This section is from the book "Commercial Gardening Vol2", by John Weathers (the Editor). Also available from Amazon: Commercial Gardening, A Practical & Scientific Treatise For Market Gardeners.
There are now innumerable garden forms of Coleus, all being derived from C. Blumei (fig. 273), a native of Java. Fancy names have been given to many of them, but as new varieties are so easily raised from seed it is practically impossible to keep pace with the variations which occur. The foliage constitutes the most ornamental feature of the plants, being so varied in colour. There are varieties having almost pure-yellow and golden leaves, others being veined with deep green, brown, crimson, etc, while many forms have shades of colour varying from pink to the deepest of reds and crimson, intermediate shades of every description being represented and more or less conspicuously veined with other distinct colours. Besides the garden forms, C. thyrsoides from Central Africa is known in private gardens. It has long spikes of deep-blue flowers.
The garden varieties of Coleus are of easy propagation and culture, and, although sold cheaply, give good returns, owing to the short time they are in hand. The stock plants should be kept fairly dry during the winter, and in a temperature that falls little, if at all, below 50° F. By the end of February, with increased heat and moisture, new shoots push freely. When large enough they can be taken as cuttings and dibbled into shallow boxes of sandy soil. In a gentle heat these will soon root, when they may be potted singly. Any fairly light soil will suit. The stronger plants may be shifted into 5-in. pots (48's) to form little specimens, for which there is a demand for various decorative purposes, while the later-struck and weaker plants can be disposed of for bedding out. If there is a demand for these last, the later crop of cuttings can be put into shallow boxes, in which they may be sold without disturbance. When this is done, about two dozen should be put in each box, allowing one or two over in case of accident. The varieties for which there is most demand are those of clear decided colours and good constitution, the old Verschaffeltii being still one of the most paying kinds. [w. t].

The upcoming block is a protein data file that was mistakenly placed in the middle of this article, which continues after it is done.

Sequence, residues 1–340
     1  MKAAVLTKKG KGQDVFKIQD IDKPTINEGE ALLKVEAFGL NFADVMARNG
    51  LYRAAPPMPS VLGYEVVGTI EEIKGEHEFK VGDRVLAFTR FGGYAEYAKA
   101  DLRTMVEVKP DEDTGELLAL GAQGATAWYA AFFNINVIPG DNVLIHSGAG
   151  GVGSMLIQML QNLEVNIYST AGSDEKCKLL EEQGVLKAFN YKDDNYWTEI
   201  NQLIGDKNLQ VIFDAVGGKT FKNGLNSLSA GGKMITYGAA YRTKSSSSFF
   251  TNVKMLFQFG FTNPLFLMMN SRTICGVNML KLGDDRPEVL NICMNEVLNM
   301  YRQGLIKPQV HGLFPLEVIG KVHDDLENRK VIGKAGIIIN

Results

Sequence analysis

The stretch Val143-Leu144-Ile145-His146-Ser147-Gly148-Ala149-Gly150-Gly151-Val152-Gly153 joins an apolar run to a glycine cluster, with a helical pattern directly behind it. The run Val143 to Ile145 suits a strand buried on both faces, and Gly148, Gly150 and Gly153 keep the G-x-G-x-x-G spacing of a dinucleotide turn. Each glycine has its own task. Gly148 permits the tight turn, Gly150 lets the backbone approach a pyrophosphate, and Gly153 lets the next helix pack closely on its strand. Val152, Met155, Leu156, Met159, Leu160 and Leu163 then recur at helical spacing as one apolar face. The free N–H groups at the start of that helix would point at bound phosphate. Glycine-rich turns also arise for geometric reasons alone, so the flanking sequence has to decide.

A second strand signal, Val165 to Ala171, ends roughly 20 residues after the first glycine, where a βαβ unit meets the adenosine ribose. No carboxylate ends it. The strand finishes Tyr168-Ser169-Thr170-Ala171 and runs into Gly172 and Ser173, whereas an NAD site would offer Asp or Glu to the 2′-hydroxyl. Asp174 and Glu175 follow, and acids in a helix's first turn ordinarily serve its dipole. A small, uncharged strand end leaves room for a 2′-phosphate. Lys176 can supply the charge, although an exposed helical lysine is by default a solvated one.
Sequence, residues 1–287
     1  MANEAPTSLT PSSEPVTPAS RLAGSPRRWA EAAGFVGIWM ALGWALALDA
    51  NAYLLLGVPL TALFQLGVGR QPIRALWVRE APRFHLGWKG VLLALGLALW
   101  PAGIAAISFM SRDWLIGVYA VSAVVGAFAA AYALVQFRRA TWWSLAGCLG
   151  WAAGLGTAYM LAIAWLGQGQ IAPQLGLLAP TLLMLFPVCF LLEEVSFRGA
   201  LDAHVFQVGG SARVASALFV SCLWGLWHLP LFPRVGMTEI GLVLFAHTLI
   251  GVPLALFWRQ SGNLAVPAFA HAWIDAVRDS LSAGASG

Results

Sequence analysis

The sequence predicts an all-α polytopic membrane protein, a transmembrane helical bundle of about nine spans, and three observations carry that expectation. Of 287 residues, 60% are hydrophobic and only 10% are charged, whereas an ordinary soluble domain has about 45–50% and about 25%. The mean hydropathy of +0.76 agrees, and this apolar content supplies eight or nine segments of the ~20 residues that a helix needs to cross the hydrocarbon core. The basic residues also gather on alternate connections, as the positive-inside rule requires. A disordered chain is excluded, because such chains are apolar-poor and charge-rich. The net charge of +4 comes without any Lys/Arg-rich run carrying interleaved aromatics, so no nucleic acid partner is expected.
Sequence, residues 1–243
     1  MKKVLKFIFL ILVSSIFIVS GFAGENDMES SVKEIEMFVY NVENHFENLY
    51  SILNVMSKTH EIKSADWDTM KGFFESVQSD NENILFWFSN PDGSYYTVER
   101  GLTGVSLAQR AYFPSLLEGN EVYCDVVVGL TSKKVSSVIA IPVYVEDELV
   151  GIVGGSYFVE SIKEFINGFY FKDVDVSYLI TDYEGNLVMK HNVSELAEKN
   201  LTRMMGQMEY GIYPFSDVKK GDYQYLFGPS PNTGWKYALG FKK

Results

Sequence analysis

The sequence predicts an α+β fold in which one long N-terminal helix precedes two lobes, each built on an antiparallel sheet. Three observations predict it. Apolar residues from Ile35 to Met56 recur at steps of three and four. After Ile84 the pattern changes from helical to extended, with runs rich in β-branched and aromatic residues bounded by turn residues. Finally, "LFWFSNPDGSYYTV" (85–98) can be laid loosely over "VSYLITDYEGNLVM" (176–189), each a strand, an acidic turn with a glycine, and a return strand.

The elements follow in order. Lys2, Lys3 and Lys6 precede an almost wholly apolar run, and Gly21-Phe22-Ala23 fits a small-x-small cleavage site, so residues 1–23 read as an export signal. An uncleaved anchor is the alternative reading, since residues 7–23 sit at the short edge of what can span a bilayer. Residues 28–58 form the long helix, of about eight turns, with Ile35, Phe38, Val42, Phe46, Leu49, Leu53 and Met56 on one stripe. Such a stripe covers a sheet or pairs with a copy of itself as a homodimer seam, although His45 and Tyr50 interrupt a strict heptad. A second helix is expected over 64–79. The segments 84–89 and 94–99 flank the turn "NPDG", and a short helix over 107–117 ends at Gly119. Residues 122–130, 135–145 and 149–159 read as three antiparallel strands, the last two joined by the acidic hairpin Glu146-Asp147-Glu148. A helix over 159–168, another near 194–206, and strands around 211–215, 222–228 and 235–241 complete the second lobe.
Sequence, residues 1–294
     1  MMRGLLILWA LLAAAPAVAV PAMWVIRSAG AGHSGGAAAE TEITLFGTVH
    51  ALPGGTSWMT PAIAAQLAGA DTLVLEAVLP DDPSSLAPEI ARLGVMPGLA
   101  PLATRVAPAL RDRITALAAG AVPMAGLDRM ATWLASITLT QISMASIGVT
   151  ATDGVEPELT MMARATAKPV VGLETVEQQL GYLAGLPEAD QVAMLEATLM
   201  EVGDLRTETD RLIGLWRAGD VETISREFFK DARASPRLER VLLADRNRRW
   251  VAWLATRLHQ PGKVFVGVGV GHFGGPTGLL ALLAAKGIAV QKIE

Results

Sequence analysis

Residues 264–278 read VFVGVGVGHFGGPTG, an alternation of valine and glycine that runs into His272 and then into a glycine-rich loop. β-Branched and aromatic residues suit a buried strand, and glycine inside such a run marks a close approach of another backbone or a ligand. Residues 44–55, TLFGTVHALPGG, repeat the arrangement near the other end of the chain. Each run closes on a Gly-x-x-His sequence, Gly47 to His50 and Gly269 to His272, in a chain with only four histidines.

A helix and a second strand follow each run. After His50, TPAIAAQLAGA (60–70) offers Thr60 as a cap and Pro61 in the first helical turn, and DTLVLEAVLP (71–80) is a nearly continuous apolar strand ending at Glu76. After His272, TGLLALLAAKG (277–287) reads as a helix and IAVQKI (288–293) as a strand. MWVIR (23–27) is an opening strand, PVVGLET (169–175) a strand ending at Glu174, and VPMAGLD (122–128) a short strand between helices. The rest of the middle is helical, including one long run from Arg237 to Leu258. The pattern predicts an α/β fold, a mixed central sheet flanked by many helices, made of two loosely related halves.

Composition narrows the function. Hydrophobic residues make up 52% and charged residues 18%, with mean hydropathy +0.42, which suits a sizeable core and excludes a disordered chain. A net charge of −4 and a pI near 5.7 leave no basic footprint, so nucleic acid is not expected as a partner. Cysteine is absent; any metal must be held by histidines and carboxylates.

Fig. 273. - Coleus Blumei.